Canada Votes 2015
Episode 1 - It's the Economy, Stupid
"The economy, stupid" was one of the three key messages that Clinton strategist Bill Carville placed on a sign in Clinton's campaign HQ during the 1992 US Presidential election.
The variant of the phrase, with the added "It's", became the unofficial motto of the campaign, and has been much quoted ever since. And, in the US context, although Republican and Libertarian candidates have often adopted the slogan as one of their own, the message is often used as a rebuke by liberals and progressives against Republican (or, generally, right-wing) economic policies, of the sort implemented by George W. Bush.
Here in Canada, our latest federal election, with voting to take place October 19, has just been called. (It will be among the longest federal election campaigns in recent memory, a cynical gambit by the Conservative Party, hoping to win the election by throwing money at it.)
This same Conservative Party has assiduously maintained that its government is the optimal choice when it comes to the Canadian economy. However, aggregate economic data show that this is not the case.
There are two lines of attack against the Conservatives' economic record that I would like to bring up: first, the release of a recent report by economists working for Unifor, which claims to show the "Harper Government"'s  numbers in context of Canada's economic performance since the Second World War; and second, the government's inaction in the face of predictable market volatility. Perhaps other lines of attack (and defence) exist, but this is a blog, not a comprehensive analysis.
The Unifor Report
In 2013, some of Canada's main unions merged to form Unifor. Recently, this organisation's research department published a report which sought to place the economic performance of the Conservative government under Prime Minster Stephen Harper in the wider context of the economic performance of other governments over the past 60 years, starting with the postwar government of Mackenzie King.
Before proceeding with discussing the report, there are two caveats I should like to bring up. The first, of course, is that the organisation that produced the report is necessarily going to be strongly biased against the Conservative government. This may or may not present a problem with respect to its attempt at objectivity.  The second is that, whether due to bias or error, the report may contain some inaccuracies. As of this writing a Google search did not turn up any criticisms of the Unifor report (whether friendly ones to strengthen its conclusions, or rebuttals), but those may be just a matter of time in coming. In fairness, I am sure the economists who actually produced the report did their utmost to avoid bias or error; all the same it may have crept in due to the cognitive limits of the human mind.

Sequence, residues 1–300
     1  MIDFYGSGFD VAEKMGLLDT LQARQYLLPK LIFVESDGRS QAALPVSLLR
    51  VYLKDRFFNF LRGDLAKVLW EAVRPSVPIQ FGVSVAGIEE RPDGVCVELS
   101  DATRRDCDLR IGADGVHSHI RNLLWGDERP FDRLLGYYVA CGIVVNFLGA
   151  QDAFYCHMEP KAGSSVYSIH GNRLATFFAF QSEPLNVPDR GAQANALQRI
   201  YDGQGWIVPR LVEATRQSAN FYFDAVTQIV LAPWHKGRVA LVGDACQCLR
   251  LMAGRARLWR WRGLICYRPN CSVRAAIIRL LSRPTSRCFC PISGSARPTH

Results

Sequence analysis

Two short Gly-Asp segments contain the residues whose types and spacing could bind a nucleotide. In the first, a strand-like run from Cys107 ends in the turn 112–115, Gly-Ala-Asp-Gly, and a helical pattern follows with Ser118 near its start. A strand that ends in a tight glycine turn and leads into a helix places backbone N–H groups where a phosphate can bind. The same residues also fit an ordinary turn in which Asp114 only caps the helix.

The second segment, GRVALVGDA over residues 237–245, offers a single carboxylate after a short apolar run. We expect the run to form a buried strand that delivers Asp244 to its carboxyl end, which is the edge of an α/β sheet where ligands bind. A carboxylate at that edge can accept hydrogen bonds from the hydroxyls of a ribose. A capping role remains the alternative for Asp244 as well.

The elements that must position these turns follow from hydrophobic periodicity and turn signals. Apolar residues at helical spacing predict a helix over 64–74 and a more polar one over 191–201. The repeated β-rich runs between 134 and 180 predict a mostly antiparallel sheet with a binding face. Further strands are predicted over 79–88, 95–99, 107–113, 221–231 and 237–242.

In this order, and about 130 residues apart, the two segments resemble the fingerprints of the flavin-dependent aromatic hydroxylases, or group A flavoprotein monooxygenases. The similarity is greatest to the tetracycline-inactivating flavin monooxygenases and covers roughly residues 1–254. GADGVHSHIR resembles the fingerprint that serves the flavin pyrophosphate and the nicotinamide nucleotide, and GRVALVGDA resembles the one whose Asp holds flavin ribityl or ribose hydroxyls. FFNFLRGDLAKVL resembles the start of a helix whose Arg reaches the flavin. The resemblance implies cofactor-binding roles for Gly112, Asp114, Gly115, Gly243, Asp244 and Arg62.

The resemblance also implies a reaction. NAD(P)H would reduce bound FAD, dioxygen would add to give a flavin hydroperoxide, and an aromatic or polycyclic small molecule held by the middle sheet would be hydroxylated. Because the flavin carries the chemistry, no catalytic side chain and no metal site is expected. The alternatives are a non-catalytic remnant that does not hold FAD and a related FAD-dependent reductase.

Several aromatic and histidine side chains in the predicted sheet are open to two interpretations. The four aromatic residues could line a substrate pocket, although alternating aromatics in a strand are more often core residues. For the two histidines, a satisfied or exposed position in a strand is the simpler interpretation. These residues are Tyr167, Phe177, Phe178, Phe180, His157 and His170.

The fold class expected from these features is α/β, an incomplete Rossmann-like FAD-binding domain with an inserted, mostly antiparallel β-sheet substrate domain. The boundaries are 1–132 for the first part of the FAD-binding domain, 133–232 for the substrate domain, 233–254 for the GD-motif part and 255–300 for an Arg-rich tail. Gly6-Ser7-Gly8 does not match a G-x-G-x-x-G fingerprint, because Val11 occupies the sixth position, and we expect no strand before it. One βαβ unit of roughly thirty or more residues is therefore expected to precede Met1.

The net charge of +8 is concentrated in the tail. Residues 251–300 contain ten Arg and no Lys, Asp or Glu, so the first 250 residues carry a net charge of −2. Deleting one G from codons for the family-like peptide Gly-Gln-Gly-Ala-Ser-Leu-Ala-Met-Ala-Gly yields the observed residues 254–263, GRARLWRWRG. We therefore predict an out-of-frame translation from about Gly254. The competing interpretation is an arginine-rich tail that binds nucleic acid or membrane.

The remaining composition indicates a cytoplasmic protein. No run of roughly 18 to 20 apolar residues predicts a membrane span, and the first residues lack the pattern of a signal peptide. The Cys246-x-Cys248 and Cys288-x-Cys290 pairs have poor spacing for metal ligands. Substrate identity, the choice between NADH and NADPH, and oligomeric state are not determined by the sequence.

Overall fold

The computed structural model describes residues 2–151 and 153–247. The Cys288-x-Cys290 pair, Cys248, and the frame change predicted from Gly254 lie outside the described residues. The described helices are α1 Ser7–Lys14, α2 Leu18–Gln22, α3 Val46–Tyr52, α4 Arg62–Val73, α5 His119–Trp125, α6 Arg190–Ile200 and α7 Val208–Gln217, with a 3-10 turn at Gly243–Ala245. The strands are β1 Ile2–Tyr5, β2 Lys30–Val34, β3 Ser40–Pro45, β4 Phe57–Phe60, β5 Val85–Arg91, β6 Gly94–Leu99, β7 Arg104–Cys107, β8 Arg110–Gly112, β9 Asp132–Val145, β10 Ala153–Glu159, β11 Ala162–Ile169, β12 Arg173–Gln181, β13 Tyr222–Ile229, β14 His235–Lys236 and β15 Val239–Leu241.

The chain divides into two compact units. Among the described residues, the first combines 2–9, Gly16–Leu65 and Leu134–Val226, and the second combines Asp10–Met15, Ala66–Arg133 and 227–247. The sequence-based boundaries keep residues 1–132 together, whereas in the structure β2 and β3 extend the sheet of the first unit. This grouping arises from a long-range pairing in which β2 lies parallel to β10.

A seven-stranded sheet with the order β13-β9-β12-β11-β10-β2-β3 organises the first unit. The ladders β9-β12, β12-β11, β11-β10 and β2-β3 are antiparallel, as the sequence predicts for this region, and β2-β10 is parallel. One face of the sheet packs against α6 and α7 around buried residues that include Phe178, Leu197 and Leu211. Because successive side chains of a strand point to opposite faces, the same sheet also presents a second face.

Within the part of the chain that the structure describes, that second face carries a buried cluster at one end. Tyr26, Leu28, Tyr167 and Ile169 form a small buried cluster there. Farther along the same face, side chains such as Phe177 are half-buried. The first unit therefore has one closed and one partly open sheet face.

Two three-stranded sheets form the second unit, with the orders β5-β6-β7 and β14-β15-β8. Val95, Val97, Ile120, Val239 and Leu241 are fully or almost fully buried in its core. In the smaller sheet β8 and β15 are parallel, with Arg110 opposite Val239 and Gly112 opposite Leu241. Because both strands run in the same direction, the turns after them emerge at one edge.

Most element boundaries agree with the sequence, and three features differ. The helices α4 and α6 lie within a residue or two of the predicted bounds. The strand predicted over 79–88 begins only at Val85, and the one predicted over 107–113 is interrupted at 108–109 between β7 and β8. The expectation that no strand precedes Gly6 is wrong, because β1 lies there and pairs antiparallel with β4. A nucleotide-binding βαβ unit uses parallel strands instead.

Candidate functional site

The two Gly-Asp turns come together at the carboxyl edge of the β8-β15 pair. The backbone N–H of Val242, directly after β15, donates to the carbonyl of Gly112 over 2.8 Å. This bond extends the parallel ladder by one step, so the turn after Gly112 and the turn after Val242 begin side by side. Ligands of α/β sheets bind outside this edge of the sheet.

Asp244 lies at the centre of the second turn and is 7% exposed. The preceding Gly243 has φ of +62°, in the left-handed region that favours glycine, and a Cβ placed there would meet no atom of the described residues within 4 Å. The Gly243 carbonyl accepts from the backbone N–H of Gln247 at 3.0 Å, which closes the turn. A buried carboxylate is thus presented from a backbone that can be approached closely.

Unifor's report compares the economic record of nine postwar Canadian Prime Ministers (excluding those with a sufficiently short tenure ), with a particular interest in seeing how the government of Stephen Harper stands in the analysis. The report came up with 16 metrics which the authors felt were comprehensive enough to satisfactorily rate the PMs, in the overall categories of employment, of economic production, and of income and debt.
What the report finds isn't flattering. Harper's Conservative government comes out in last place, whether singly or tied, in seven categories; in six additional categories it comes in at next-to-last place. In no category does it ever rank higher than 6th out of 9 - and it manages this achievement (getting in at the bottom of the middle third of rankings) only twice.
I should like to mention what I think are the most damning comparisons, relative to the claims of the Conservative government under Harper:
The Conservative government likes to fancy itself a promoter of job creation. But the report shows that, compared to previous governments, it sucks:
|Look at all the jobs the "Economic Action Plans"  genera... oops.|
|And such jobs as are generated maybe aren't the best. |
The Conservative government, like most conservative-leaning governments, claims to want to make Canada "open for business", and has made policy which it asserts makes the climate friendlier for the long-term growth of private business. However, here again the Unifor report shows their record is disappointing:
|We're open for business... yay? |
Finally, for all its "tough talk" on deficit spending and the national debt, the Conservative government under Harper has done badly, managing to equal or outperform only the governments of Trudeau and Mulroney: